Wind and solar energy have come a long way in the last decade and are now competitive with fossil fuels in a large percentage of the world. An analysis by investment bank Lazard estimates that as of last fall, the cost to build an industry-leading solar plant ($50 to $60 per MWh) or wind farm ($32 to $77 per MWh) was less than building a gas combined cycle ($52 to $78 per MWH) or coal plant ($65 to $150 per MWh). And since last fall, the cost of wind and solar plants have fallen even further, now approaching $30 per MWh in competitive bids. You may think this dynamic would lead to a windfall of projects for U.S. developers like SunPower (NASDAQ:SPWR), First Solar (NASDAQ:FSLR), and the new solar developments of the Tesla Motors (NASDAQ:TSLA)-SolarCity combo. But they're all struggling to find growth, and 2017 looks like a down year for most of the industry.
The low cost of renewable energy is great, and if a utility is building a new plant, wind and solar would likely be an economical choice. But the key word in that sentence is "new." Most power plants in the U.S. aren't new, so renewable energy is competing against coal plants built in the 1950s, and consumption isn't growing, so there's no need for more generation. In developing countries in Latin America or Asia, the dynamic is different. They need all the energy they can get, and renewables are competitive. And that's why they'll likely dominate the U.S. in renewable energy over the next decade.
Why renewables have a hard time competing on cost alone
Wind and solar energy is competitive with natural gas, coal, or nuclear when utilities are looking for new generation. But the charts below show why renewable energy has a hard time competing against existing power plants. Natural gas and coal costs are $20 to $25 per MWh, which is nearly impossible for new wind or solar plants to compete with.
If you look closely at when plants were built, it's easy to see why. Below is a chart showing when coal plants in the U.S. were built, and you can see that the vast majority are over 30 years old, and some are over half a century old. This gives them a very low cost basis for generating power.
The problem is that wind and solar need to replace these old plants because U.S. electricity consumption simply isn't growing. According to the EIA, retail sales of electricity will actually decline from 10.31 billion kWh in 2014 to 10.28 billion kWh in 2017.
Why renewables are booming in emerging markets
While U.S. electricity consumption is stagnant, Latin America and China are growing. According to the EIA, China's electricity demand more than doubled between 2005 and 2013, and Mexico's demand grew 25% from 2004 to 2014. This growth is a big reason China is the world's leader in wind and solar energy, and why Latin America has seen a flood of new renewable projects announced this year. Countries across Latin America like Chile, Argentina, and Brazil are also seeing increased electricity demand, which is a big driver of their renewable energy growth.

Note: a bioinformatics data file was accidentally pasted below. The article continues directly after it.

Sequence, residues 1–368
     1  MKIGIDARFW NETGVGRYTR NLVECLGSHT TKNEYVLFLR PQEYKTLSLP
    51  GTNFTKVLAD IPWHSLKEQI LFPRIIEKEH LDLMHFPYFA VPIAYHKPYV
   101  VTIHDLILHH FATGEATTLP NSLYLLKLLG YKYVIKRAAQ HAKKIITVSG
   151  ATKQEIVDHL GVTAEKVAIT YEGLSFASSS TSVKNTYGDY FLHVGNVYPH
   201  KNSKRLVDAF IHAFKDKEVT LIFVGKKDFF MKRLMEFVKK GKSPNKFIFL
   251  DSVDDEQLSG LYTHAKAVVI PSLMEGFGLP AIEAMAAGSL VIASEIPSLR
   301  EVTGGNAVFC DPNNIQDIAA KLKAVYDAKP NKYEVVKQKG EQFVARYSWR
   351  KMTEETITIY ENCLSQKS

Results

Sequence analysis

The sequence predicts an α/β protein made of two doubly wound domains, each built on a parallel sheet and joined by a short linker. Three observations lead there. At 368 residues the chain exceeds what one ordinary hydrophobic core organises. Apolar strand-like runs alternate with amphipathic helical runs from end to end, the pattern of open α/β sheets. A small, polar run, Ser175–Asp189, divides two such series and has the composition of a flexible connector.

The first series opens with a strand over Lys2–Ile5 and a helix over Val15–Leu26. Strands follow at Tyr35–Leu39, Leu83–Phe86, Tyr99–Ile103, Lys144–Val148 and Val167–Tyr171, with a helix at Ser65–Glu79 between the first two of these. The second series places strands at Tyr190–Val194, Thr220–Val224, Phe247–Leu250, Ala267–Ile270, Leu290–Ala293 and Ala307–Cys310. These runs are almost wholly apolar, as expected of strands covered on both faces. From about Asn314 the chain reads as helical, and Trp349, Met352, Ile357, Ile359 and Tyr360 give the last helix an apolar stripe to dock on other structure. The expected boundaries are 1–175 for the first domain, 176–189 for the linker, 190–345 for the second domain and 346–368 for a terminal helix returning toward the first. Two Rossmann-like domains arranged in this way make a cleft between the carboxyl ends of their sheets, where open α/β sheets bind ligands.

What separates the growth is renewables in these countries isn't that they have more of a desire to build wind and solar. It's that they're in need of new electricity generation, and wind and solar are cost-competitive ways to get that energy. The U.S doesn't need new electricity generation, so wind and solar aren't competing with new coal or natural gas plants; they're competing with plants that were built decades ago and have a much lower cost basis.
Where the U.S. can win in renewable energy
You can see that in places where there isn't a structure driving renewable energy development at the utility scale, it will be challenging to move projects forward. But that doesn't mean there aren't opportunities, and three growth drivers are worth watching.
Corporate customers are increasingly buying wind and solar energy to power their facilities. Apple, Amazon, Microsoft, and dozens of other major corporations are buying energy directly from power plants, which will drive more adoption.
Customers are also seeking more choice, driving demand for structures like community solar and renewable energy purchasing options from utilities. Despite sometimes having higher prices than a traditional electricity bill, these structures have increased in popularity.
Consumer generation of electricity on-site will also be a key component to renewable energy growth. That means residential rooftop solar and solar or wind power installed on-site at corporations. The cost of these installations isn't compared to the coal or natural gas costs I highlighted above; it's compared to the retail rate, which averages $0.13 per kWh in the U.S. It's a much more compelling economic value to install solar on your roof, given the higher cost-base comparison.
Will the U.S. continue to fall behind?
The structural challenges of building more renewable energy in the U.S. will hinder growth for developers like First Solar, SunPower, and now Tesla. But there are opportunities around the world in places where demand for energy is rising and renewable energy provides a viable solution. Don't be surprised if that's where a lot of these companies grow next.
Travis Hoium owns shares of Apple, First Solar, and SunPower. The Motley Fool owns shares of and recommends Amazon.com, Apple, and Tesla Motors. The Motley Fool owns shares of Microsoft and has the following options: long January 2018 $90 calls on Apple and short January 2018 $95 calls on Apple. Try any of our Foolish newsletter services free for 30 days. We Fools may not all hold the same opinions, but we all believe that considering a diverse range of insights makes us better investors. The Motley Fool has a disclosure policy.